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Sri Lanka Is Trump Country

The Idea of a Wall Thrills Some People


Where can one get an honest appraisal on the upcoming presidential election and the related primary chaos? Not many places, it turns out.

Tired of getting doublespeak from people in the U.S., apparently too embarrassed to be honest about their voting intentions, I went in search of an honest discourse on the future of our country.

I found it, albeit after some real digging in some unsavory places. The brilliance of this idea wasn’t immediately apparent, as my life soon devolved into a week-long orgy of decadence. I nearly lost the whole point of this journey in the midst of it, but with good reason.

After insulting no less than 75 people, including a red-faced, middle-aged TSA agent at the Portland Airport by unleashing a barrage of blatant truthbombs at strangers that would have made King Salman blush, and after very nearly re-enacting Midnight Express in Istanbul after some questionable life decisions, and after palling around Dubai in the midst of a Russian oligarch’s entourage, I found honesty.

No, not in any of those places. I found a lot of strange shit there, but not the truth. No, I found the truth. The last bastion of honesty is Sri Lanka. This is Trump Country.

One would be hard pressed to find a more idyllic locale than here in the walled city of Tangalle, blissfully lying along the sun-soaked shores of southern Sri Lanka; miles upon miles of brilliant, unspoiled beaches of golden sand, lapped incessantly by the intoxicatingly azure seas of the Indian Ocean teeming with wildlife.

And walls.

Not the sea, no, the town. Yes, they love walls here. And they love the guy who’s proposing to build one hell of a big wall along the Mexican border. Strange, I know. I thought the same thing, and I didn’t really know what to make of it at first. What, with all the outrage over Trump boiling over in the states, and his comments about various peoples that have caused so many people to go apeshit, I expected to run into some hostility about the real estate mogul/GOP frontrunner. But it is quite the opposite.

In fact, people here seem to be more in tune with what’s going on in the U.S. political scene than actual Americans.

Take Roy (there’s always a Roy somewhere, I swear), a retired local school principal. He lives in a tidy little house a block from the beach surrounded by a wall.

“Yes,” he told me, “I love the wall, it keeps problems out.” His wall is a six-foot-tall work of art adorned by shiny shards of broken bottles.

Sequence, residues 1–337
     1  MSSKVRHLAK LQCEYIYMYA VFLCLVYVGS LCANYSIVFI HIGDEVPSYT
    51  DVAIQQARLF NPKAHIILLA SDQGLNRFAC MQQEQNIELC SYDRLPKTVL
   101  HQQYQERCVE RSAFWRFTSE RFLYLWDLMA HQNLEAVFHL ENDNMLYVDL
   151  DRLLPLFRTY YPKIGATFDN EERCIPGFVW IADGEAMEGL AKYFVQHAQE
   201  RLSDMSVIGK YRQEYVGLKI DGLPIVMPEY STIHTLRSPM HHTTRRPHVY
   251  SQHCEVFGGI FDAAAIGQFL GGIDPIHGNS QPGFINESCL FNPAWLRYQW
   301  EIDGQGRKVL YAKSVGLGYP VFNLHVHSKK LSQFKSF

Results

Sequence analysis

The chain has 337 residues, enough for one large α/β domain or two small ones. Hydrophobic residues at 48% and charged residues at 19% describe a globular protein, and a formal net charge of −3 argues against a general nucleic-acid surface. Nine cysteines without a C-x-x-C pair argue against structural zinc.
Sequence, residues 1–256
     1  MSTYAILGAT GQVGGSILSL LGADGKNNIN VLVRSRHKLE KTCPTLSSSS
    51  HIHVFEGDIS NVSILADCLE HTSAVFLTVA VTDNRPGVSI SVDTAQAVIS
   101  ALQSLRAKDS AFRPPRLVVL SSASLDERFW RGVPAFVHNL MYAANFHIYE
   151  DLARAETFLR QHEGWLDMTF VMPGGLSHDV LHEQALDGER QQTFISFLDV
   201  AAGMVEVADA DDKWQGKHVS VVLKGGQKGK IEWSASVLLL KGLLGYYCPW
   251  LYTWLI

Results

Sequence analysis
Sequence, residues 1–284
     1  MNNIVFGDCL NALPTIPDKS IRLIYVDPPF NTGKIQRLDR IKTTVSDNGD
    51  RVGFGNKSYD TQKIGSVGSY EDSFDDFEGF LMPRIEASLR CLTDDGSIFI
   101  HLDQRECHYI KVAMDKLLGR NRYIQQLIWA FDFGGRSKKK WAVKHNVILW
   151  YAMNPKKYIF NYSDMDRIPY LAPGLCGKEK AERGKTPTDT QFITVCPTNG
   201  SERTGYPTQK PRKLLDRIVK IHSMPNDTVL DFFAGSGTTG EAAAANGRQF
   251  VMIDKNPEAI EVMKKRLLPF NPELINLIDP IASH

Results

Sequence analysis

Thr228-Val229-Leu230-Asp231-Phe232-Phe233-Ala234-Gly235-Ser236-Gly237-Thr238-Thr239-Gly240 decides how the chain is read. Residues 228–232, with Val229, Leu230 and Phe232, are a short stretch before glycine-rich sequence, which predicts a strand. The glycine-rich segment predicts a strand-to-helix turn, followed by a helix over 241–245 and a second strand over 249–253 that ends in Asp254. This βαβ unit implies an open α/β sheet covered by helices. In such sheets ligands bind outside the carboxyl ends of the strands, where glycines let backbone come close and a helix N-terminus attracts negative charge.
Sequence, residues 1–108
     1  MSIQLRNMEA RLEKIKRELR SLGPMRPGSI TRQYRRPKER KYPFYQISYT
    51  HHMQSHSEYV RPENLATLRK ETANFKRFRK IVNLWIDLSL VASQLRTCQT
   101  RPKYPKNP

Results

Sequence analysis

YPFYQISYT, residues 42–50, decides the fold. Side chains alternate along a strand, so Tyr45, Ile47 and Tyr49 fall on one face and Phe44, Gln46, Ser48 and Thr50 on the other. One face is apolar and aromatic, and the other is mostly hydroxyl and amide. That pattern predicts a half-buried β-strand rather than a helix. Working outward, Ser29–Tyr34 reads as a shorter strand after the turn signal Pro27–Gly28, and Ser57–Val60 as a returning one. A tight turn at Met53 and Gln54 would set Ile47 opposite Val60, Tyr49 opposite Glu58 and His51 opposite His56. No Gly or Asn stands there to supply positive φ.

He was quick to point out, however, as he was chasing a troupe of nearly 20 monkeys off his roof with a broom, that though the wall helps, it doesn’t fix everything.

“These fucking monkeys still get in and eat all my mangoes and ruin the tiles, and a few nights ago, some (assholes) shot fireworks at me from across the street. I was nearly killed.”

Still he loves his wall. “It really does help. It keeps out salesmen and drunken Russians.”

When asked about Trump, his eyes lit up. “He wants to build the wall, yes?” he asked me.

When I told him yes, the old bald man who previously seemed to have some sort of a permascowl had a large grin missing about half its teeth grow across his face. “Yes, yes,” he nodded. “He is crazy, but he has many good ideas. Like the wall.”

“Here in Sri Lanka,” he continued, “we all have walls.” He pointed down the street which was lined with a beautiful variety of walls from the mundane to highly decorated. “The U.S. should have walls, too.”

And this is far from an isolated case. In an era where everything is accessible everywhere (except the U.S.), people here follow American politics like a cricket game, and they love Trump.

“He is a great businessman; he makes deals, such great deals,” said Kushan, a local artisan. “He will make America great again, I have heard.”

A local restaurant owner who did not want to be named stood next to me, and in between drags of a Dunhill he “borrowed” from me, told me he was fascinated by it all. Mostly, the wall.

“The wall is such a great idea, and if his neighbor pays for it, even better deal,” he excitedly told me. “Trump, he makes deals. I wish I could make deals like that. I’d love neighbor to pay for wall.”

As the sun sets across the sky it is brutally clear that if the Sri Lankan primaries were held today, Trump would win in a landslide.



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